Thomas Octave Murdoch – T.O.M. – Sopwith was first and foremost an engineer throughout his long life.
Born in January 1888 he lived to be 101, dying at his home near Romsey in January 1989.
As a young man before the First World War his primary interest was in aircraft and flying and he became famous at a comparatively young age with his pioneering activities in these fields both in England and in America.
His first flight was in 1910, and within a month he had earned his pilot’s licence, No. 31. He began manufacturing aircraft and was involved with Sammy Saunders in 1913 in the building in East Cowes of the Bat Boat, the first really successful seaplane.
Finest fighting aircraft of WWI
His new company, Sopwith Aviation, produced further well-known designs and in 1914 his Sopwith ‘Tabloid’ won the second Schneider Trophy race at Monaco.
During the First World War, perhaps his company’s two most famous designs were the Sopwith Pup and the Sopwith Camel, the latter probably the finest fighting aircraft of the WWI and, arguably, of all time.
Although a post-war slump in the aircraft market took a toll on his company, he managed to give it a highly successful new direction and name along with his chief test pilot, Harry Hawker.
Love of sailing and powerboat racing
Sailing had been one of Sopwith’s interests since boyhood and, starting in dinghies, by 1909 he was co-owner of a dilapidated 166 ton schooner, Neva.
He was also addicted to powerboat racing, in those early days so much an important sporting activity with its associated development in both engine design and manufacture. So many names that would become famous as car manufacturers began by building powerboats, Wolsey, Daimler, Mercedes, Napier.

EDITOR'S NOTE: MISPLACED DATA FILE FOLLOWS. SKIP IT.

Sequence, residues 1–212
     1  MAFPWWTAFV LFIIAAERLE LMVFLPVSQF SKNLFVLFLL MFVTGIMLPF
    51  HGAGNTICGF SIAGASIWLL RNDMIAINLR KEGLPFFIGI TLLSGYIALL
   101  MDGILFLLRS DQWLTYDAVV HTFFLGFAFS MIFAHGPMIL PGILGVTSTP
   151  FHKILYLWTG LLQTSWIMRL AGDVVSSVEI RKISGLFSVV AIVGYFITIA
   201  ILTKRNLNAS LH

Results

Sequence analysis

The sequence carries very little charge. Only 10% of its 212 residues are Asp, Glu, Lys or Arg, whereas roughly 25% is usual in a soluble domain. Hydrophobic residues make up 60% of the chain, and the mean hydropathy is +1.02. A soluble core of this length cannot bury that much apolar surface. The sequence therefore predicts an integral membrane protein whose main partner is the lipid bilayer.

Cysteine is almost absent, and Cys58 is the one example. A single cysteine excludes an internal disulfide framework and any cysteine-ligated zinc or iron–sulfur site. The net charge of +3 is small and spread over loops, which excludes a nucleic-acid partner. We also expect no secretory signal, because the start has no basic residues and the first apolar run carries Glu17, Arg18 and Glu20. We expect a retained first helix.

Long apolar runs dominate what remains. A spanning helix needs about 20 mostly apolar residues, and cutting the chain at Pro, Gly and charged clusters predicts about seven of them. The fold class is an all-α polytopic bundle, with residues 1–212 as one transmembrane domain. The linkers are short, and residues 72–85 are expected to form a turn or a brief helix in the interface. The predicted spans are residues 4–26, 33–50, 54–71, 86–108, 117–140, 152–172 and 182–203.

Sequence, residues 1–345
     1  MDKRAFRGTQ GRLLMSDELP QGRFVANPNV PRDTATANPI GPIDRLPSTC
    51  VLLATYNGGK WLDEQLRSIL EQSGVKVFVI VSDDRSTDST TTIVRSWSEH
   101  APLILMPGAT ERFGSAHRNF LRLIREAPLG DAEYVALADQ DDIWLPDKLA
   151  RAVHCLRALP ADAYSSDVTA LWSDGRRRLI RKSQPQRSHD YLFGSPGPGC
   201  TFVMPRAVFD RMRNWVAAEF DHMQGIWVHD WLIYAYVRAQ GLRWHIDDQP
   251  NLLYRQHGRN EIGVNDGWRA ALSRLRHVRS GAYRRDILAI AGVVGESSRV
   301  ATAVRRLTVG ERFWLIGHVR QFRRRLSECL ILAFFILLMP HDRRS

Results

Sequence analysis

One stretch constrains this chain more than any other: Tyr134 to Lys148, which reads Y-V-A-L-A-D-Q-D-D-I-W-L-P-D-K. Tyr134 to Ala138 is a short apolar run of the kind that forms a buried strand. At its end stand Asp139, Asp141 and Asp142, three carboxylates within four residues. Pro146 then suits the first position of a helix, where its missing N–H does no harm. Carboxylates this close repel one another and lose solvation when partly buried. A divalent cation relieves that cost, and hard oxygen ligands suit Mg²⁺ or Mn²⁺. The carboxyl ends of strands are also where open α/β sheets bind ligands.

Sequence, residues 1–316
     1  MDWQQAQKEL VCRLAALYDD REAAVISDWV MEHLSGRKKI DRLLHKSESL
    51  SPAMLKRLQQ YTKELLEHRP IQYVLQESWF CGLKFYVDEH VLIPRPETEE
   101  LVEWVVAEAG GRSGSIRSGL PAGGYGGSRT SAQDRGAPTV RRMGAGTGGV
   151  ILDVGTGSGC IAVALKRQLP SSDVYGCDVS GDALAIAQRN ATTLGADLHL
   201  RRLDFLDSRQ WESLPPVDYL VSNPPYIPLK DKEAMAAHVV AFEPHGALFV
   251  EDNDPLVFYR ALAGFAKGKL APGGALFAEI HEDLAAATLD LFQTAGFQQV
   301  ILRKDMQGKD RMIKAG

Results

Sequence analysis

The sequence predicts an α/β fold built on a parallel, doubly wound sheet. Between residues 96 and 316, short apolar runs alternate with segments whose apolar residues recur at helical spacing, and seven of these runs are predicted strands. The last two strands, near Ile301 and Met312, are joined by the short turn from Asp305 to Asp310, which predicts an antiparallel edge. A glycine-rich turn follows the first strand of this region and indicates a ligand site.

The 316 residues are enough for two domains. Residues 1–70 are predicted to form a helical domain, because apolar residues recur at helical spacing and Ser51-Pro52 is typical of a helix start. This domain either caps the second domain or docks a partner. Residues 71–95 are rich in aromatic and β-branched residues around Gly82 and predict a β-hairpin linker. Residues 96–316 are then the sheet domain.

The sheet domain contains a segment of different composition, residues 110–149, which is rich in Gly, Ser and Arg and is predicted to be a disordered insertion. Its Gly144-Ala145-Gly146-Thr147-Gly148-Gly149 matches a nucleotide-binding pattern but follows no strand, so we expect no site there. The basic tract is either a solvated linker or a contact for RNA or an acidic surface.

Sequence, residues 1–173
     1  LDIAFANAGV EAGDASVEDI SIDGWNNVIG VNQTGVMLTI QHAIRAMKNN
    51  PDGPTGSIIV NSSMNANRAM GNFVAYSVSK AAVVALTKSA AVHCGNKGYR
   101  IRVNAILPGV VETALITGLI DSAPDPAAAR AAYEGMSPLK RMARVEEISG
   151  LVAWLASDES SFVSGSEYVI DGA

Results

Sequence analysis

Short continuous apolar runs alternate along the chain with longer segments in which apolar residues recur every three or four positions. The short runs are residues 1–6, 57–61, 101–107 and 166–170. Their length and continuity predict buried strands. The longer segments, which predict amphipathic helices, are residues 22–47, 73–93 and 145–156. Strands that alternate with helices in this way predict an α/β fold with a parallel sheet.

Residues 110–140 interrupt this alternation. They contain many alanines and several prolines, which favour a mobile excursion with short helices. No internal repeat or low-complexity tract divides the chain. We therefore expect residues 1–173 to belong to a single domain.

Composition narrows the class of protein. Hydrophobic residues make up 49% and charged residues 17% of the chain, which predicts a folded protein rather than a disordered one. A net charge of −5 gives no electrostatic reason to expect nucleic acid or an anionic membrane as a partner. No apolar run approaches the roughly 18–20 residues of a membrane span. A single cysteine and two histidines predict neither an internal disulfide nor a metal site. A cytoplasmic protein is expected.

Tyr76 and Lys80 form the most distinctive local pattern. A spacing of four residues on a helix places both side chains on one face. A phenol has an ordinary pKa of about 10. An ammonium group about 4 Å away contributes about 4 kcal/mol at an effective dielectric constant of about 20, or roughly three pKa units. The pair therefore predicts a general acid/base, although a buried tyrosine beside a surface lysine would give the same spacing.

In 1912 he won the prestigious British International Trophy in Maple Leaf IV, built by Sammy Saunders, and repeated that win two years later with a world record time of 48 knots.
In the decade after the War he also owned a series of ever larger diesel yachts, culminating in the ‘30’s in the magnificent Philante.
He was regarded as the best British 12m helmsman and was Class champion in 1928, 1929 and 1930 with his 12m Mouette, built for him by Camper and Nicholson, whereupon he was elected a member of the Royal Yacht Squadron.
Tom became absorbed in the challenges by Sir Thomas Lipton for the America’s Cup, and on the death of Lipton in 1931, he bought Lipton’s J-class yacht, Shamrock V.
For two years he raced her around the Solent, being unusual as an owner in that he steered his own vessel, instead of merely relying on a professional skipper.
The birth of Endeavour
In 1933 he commissioned Charles Nicholson to design and build in Gosport a new J-class yacht, Endeavour, in order to challenge the Americans for the series in 1934.
This series was one that was so hotly contested that it nearly returned the America’s Cup back to Great Britain.
Endeavour, racing against Harry Vanderbilt’s Rainbow, was widely considered to be the faster of the two. However, several controversial events during racing robbed Sopwith of victory, and he went home a disappointed man, vowing never to challenge again.
Crushing defeat for Endeavour II
He did try again, in 1937, but this time his new boat, Endeavour II, came up against the American defender, Ranger, generally agreed to be the fastest J ever built, and this time defeat was crushing.
Thereafter the heavy demands of aircraft manufacture during the Second World War put a end to Sopwith’s maritime activity, his final racing yacht being the 12m Tomahawk in 1939.